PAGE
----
Susan Bui's in-laws were part of the first wave of Vietnamese immigrants to Canada, arriving in Edmonton in 1975. She married young and, knowing her husband had family in Canada, looked forward to leaving Vietnam. They arrived in the city in March 1985 and, in May of that year, she went to work at the factory with her mother-in-law. There were 15 to 20 Vietnamese people working at the plant at the time. Although she did not speak English, she did know how to sew, so did well in the test. She was an operator, working on 'band on' before having her second child, then felling seams. After working at the plant for two years, she started saving to bring her own family to Canada. With two children under the age of two, Susan Bui and her husband both took second jobs to save enough money to bring nine people to Canada. They had to save $10,000 for the airfares, plus enough money to support the family when they arrived. She then brought two sisters and a brother to work at the plant. She learned to speak Chinese through her co-workers, and English through English as Second Language (ESL) classes.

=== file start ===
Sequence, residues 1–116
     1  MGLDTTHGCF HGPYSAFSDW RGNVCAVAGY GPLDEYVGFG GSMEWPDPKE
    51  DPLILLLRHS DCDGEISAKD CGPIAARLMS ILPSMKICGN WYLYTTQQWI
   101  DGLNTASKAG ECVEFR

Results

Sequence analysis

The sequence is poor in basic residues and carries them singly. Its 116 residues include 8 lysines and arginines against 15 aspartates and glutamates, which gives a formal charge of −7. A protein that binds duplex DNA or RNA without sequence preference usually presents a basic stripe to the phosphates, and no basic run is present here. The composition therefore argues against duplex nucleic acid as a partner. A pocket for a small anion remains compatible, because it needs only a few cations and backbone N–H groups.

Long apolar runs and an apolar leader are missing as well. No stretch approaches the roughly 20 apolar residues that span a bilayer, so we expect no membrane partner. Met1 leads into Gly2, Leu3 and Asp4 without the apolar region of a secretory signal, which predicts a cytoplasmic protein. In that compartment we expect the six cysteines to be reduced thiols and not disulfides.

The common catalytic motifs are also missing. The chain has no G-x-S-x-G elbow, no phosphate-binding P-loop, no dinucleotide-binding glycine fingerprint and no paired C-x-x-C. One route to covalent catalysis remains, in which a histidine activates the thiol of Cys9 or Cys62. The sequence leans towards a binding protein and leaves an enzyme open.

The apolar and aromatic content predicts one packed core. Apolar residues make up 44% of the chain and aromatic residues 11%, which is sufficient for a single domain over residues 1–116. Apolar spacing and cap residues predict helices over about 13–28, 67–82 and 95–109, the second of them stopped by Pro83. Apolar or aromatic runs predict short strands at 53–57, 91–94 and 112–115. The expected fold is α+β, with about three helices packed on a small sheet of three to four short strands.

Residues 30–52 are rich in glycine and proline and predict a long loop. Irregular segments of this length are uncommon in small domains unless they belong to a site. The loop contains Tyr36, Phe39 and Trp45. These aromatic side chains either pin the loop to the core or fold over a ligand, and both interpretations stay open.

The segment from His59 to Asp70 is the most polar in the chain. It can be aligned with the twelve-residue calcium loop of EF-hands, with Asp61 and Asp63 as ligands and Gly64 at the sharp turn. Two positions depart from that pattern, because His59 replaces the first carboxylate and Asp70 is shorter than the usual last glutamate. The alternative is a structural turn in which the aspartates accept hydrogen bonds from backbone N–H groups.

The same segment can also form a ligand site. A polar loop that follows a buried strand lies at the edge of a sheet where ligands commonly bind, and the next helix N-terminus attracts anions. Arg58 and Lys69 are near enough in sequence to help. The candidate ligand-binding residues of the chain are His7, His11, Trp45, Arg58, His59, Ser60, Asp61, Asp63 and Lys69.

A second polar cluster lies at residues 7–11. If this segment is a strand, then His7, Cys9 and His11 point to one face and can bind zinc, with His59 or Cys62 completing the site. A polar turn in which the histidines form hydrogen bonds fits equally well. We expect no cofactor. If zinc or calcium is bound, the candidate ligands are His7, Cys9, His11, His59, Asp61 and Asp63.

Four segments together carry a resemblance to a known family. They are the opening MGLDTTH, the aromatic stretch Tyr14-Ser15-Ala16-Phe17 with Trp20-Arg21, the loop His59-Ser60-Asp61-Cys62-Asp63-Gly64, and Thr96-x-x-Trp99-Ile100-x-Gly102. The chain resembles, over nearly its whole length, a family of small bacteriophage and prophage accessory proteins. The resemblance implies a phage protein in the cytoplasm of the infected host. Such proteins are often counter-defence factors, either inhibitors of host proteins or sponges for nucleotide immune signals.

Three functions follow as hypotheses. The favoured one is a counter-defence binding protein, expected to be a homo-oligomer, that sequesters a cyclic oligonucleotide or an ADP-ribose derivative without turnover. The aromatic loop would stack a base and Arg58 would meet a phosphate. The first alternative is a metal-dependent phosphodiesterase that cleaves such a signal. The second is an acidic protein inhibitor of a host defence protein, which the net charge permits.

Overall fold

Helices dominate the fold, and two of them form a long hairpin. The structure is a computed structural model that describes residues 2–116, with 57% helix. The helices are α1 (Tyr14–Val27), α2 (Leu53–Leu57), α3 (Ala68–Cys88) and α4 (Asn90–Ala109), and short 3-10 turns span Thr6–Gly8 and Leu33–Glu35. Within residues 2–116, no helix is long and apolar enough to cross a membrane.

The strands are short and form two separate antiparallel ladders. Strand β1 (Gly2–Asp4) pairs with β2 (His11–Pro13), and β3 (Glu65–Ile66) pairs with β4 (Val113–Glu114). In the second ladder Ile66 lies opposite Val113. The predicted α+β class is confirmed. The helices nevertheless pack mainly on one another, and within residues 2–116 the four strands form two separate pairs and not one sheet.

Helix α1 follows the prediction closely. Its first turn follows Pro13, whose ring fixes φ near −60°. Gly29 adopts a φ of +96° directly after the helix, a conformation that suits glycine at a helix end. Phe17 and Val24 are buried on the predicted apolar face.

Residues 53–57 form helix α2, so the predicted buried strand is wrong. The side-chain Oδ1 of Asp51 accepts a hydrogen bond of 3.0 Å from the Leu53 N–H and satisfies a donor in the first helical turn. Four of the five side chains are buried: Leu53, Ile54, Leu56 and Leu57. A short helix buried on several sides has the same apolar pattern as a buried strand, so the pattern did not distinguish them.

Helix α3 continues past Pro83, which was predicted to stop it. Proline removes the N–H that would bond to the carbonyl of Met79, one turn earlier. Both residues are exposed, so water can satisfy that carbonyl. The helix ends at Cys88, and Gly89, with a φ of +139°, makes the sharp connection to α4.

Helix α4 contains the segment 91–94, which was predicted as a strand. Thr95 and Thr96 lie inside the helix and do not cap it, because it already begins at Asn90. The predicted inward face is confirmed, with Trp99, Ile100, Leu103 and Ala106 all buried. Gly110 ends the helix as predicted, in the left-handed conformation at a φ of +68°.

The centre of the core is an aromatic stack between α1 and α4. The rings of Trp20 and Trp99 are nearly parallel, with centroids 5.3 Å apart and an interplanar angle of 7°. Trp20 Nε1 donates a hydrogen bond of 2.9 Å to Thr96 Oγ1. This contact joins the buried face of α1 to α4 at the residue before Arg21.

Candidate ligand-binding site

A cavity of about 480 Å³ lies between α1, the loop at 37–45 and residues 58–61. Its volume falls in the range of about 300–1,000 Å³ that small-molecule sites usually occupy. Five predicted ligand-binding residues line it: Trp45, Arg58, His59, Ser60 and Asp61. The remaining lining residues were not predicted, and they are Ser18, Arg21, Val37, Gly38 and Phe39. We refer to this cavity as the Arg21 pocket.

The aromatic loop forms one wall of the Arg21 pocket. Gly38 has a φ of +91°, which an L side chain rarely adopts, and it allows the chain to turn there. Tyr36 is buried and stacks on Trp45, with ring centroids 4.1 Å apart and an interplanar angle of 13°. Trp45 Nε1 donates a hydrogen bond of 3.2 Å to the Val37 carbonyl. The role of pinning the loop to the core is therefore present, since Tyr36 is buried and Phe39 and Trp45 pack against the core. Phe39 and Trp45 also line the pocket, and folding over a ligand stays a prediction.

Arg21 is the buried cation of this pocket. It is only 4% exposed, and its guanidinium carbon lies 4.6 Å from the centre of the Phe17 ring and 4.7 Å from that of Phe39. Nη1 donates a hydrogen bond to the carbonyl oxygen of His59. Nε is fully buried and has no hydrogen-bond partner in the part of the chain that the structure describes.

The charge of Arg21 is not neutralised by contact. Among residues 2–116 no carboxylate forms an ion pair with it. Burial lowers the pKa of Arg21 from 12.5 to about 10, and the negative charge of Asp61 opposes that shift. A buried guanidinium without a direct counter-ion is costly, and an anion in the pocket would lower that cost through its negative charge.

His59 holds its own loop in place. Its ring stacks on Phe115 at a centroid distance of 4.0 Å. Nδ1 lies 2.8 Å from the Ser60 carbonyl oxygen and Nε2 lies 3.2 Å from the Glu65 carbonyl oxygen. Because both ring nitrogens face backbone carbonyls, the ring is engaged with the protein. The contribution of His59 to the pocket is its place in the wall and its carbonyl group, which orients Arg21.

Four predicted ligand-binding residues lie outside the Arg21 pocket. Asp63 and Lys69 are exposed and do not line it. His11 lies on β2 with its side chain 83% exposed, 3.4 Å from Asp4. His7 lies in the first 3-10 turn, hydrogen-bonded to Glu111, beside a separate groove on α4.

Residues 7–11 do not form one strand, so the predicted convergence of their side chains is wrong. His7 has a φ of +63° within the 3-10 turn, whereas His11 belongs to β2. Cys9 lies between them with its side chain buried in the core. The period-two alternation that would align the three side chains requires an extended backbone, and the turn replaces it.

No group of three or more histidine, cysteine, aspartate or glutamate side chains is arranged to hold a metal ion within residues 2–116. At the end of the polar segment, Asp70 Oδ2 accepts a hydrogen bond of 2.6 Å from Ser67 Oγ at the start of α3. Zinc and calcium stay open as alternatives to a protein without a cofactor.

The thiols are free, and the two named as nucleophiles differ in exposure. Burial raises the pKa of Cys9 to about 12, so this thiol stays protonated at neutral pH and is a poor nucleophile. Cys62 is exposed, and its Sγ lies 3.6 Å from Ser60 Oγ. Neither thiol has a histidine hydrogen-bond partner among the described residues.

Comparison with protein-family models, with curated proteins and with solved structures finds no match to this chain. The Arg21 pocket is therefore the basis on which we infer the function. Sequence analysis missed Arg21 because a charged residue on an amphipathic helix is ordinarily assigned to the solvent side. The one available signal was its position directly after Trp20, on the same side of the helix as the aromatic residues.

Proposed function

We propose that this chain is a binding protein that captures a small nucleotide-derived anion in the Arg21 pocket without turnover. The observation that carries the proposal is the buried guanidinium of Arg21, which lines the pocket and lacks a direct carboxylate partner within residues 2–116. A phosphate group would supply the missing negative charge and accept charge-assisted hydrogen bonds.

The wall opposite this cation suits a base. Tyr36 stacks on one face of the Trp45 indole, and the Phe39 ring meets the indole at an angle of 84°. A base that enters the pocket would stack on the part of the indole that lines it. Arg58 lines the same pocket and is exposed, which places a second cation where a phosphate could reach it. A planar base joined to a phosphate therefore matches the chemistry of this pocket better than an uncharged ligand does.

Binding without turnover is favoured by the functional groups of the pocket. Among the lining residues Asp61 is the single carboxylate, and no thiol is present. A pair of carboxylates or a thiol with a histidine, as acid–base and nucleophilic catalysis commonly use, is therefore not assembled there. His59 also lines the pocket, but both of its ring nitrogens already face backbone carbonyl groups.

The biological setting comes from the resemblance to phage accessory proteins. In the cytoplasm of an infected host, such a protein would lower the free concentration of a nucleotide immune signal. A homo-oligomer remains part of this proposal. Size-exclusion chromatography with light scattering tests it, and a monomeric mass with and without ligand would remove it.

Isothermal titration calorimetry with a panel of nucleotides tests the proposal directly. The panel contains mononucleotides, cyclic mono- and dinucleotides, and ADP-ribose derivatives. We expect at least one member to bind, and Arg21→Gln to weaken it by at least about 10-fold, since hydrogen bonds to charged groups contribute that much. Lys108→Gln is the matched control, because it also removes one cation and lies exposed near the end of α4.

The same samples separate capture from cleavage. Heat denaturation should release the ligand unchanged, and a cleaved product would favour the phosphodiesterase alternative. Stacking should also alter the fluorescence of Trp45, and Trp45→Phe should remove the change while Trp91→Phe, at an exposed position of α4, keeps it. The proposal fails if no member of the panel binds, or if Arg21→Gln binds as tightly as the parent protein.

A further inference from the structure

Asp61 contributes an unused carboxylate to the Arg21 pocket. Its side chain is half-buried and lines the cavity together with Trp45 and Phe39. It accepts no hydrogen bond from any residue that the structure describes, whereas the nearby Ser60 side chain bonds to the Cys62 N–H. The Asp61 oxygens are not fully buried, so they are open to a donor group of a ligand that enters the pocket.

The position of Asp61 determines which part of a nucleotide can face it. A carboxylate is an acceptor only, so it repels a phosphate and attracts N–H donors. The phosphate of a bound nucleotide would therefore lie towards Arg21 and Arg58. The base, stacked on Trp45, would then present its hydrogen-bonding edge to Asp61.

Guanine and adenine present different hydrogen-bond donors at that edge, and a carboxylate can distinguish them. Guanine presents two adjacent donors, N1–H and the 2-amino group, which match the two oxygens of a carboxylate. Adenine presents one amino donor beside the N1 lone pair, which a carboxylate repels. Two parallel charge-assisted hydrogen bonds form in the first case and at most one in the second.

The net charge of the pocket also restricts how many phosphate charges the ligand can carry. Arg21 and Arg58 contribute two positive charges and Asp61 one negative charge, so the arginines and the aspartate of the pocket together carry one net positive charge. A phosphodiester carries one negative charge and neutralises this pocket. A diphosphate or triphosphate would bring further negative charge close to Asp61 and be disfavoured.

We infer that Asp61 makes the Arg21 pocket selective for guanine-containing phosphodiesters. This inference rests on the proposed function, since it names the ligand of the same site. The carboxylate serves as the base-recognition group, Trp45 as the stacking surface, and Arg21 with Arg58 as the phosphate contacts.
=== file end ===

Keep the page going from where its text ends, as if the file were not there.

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Kim Ngo describes the sorrow of leaving her home in Vietnam (1:16)